They do not like being alone generally and sometimes when left alone, many Dachshunds can suffer severe separation anxiety. Like many dogs, if this is a problem for them they may display a variety of negative behaviours, most frequently chewing objects in the house to relieve stress. They have a average working and obedience intelligence and are notoriously difficult to house train meaning the owner needs to shown an immense amount of patience. Dachshunds are burrowers by nature and are likely to burrow in blankets and other items around the house, when bored or tired.
On average, Dachshunds live around 12 years. They do have some specific heath issues, mainly due to their long backs. Whether standard or miniature size, they are the same issues.
The owner MUST be aware of encouraging too much jumping (on furniture, into car, down stairs etc) as this causes shock on the discs in the spine. In addition, when lifting and carrying support the dog's weight on both the front and rear, to minimise stress on the spine. Dachshunds are tough little dogs so these are just precautions, to help prevent any problems occurring.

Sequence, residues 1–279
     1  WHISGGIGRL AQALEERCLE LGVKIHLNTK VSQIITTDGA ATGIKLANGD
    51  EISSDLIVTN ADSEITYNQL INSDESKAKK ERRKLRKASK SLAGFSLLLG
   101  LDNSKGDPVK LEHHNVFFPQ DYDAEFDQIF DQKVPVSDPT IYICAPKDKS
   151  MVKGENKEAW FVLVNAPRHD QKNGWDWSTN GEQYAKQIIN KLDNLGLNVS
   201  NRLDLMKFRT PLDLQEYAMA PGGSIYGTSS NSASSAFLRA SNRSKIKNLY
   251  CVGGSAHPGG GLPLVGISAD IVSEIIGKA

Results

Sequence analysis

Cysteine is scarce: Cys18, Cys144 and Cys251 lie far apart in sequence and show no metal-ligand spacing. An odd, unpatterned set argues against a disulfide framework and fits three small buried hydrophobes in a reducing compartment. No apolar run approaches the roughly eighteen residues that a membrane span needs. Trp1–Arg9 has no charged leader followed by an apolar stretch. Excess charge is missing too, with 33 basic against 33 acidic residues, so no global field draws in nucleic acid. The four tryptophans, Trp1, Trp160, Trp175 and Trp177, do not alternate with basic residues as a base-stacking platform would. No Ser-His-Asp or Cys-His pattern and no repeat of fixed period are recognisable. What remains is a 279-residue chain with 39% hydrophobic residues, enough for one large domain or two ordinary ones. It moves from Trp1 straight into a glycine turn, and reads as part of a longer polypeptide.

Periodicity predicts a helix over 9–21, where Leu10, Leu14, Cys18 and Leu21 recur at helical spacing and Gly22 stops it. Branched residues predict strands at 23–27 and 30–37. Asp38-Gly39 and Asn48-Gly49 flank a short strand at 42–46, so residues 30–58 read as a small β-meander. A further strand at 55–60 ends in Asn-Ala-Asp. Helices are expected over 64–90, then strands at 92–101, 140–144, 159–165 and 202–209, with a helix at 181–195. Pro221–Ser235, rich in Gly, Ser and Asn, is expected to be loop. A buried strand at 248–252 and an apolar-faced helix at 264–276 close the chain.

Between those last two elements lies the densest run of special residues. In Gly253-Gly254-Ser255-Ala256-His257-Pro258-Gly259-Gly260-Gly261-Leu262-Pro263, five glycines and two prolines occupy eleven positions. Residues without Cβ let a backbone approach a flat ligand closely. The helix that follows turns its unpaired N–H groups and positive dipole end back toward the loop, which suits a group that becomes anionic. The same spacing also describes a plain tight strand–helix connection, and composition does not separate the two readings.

It is important to watch your Dachshund's diet as any extra weight puts strain on the spine and these dogs are predisposed to slipped or ruptured disks. Regular exercise should be a part of any routine.